The holy Quran speaks more often to men than women
There is a commonly known verse of the Quran: “If you fear that you cannot treat orphans with fairness, then you may marry other women who seem good to you: two, three, or four. But if you fear that you cannot maintain equality among them, marry one only or any slave-girls you may own. This will make it easier for you to avoid injustice.” (4:3)
You don’t have to trust my translation of the verse and right now you can read almost fifty different English translations of this verse.
This verse talks to the Muslim men, how to find a wife and how many. There is no verse in the holy Quran that tells women to go about and find a man of their liking and when and if he brings a second wife or already has a wife, what to do!
I am not talking about polygamy here, not even a little bit, not at all.
Point I am trying to make is very simple. Very often the Quran talks to men and address to women is implied only indirectly and they are often not the first addressee of the scripture. So, as regards the women we are always interpreting the text for them.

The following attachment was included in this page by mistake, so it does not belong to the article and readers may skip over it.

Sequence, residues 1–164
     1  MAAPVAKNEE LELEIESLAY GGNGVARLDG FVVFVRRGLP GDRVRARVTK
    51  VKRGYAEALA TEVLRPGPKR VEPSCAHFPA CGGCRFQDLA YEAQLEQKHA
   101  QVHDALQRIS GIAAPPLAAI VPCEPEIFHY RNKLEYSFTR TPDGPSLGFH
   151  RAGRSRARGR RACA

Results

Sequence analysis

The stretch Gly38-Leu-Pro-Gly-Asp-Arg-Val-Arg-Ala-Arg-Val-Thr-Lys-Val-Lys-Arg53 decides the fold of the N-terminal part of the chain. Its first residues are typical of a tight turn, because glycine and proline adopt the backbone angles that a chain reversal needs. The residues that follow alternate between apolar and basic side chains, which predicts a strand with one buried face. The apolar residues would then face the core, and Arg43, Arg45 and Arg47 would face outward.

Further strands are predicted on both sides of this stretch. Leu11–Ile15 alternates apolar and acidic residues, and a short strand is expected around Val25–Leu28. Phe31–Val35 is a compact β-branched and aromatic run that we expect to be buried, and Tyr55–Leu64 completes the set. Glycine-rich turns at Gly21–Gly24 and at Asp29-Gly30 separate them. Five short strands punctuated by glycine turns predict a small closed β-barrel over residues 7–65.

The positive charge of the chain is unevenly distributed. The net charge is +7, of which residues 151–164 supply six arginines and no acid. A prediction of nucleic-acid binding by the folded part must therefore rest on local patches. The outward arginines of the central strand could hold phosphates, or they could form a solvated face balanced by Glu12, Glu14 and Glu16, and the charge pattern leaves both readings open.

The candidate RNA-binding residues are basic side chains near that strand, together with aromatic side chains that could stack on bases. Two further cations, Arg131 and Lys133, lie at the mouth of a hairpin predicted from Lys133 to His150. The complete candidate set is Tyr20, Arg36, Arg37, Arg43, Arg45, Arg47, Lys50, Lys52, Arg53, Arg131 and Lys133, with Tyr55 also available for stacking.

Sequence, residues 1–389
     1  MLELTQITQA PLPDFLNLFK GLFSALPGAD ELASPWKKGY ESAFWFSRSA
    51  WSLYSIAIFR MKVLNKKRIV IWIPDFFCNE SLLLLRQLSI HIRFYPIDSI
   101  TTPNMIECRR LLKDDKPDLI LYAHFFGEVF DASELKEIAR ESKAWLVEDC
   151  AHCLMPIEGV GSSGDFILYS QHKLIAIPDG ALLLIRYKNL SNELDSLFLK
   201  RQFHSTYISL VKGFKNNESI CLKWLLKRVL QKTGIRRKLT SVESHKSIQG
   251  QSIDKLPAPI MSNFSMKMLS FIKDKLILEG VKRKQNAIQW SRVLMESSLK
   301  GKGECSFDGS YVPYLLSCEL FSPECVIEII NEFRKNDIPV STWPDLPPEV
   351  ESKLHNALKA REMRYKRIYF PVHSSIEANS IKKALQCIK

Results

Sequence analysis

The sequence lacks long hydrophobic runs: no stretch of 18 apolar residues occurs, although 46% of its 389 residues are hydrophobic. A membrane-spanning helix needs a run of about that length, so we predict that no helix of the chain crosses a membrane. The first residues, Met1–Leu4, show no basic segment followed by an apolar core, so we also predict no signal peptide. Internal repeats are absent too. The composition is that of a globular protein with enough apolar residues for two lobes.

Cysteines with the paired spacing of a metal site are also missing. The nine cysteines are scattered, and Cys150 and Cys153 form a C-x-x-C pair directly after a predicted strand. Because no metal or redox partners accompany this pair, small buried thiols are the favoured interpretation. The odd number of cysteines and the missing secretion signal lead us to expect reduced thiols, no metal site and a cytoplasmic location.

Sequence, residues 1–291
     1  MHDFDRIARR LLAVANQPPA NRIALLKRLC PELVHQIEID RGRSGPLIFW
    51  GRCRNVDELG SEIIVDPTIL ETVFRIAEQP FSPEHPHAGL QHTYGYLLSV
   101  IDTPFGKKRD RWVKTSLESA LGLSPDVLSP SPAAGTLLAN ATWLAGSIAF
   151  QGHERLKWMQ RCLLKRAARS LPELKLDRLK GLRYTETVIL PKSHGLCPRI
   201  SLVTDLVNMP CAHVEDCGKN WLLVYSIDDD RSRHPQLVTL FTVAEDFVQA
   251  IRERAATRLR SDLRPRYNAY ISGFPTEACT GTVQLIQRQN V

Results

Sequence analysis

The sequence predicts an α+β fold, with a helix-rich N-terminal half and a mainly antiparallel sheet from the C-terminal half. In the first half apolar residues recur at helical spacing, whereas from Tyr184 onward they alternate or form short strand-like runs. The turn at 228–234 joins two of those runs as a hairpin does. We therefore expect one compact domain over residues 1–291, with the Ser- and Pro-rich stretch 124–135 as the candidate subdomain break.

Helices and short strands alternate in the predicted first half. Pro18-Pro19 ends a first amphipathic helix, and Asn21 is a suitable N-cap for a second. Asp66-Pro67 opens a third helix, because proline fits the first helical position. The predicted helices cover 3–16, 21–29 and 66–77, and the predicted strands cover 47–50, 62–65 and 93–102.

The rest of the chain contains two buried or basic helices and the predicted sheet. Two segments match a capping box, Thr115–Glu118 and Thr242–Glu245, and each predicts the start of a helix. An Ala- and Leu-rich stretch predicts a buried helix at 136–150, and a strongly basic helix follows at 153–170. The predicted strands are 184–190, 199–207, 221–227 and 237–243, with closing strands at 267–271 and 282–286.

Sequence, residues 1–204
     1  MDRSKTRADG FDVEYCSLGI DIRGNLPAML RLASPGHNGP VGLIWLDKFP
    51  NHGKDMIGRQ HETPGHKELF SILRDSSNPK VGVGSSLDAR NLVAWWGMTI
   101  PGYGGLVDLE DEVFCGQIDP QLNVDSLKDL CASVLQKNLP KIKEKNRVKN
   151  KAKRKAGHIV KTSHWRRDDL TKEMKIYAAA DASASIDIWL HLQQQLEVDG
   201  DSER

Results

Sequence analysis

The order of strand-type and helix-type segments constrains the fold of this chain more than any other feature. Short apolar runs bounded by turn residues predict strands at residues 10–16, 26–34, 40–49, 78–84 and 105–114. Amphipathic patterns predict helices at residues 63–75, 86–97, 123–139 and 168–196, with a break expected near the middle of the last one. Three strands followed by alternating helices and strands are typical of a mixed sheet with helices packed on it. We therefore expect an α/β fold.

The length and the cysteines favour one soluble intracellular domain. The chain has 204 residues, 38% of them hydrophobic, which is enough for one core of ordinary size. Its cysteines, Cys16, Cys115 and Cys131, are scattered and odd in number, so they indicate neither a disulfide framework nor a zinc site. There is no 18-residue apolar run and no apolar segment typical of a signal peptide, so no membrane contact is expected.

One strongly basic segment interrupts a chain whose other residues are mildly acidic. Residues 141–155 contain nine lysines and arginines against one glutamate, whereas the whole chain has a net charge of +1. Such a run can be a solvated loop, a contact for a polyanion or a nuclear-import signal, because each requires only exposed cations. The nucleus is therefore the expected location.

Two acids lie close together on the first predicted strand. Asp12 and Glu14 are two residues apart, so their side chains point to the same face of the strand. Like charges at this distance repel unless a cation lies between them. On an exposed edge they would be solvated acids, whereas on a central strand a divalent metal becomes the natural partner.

Read on and in the words of Sir Francis Bacon, “Read not to contradict … but to weigh and consider.”
The Quran was not revealed in ‘he or she’ idiom as its first addressee was a male dominant society of the seventh century Arabia, where young daughters were buried alive. No doubt, it was a very progressive text in its time. Today, in the context of emphasis on the women rights for the last century or more, we have to read the text in the present day needs and demands of our age.
When Islam or the Quran is criticized by advocates of human rights and women rights, in the West, often the problem is not of the Quran, the left leaning philosophers or the feminists, but of those zealot Muslims and the so called religious scholars, who have such severe nostalgia that they are not open to modern reading of the Quran.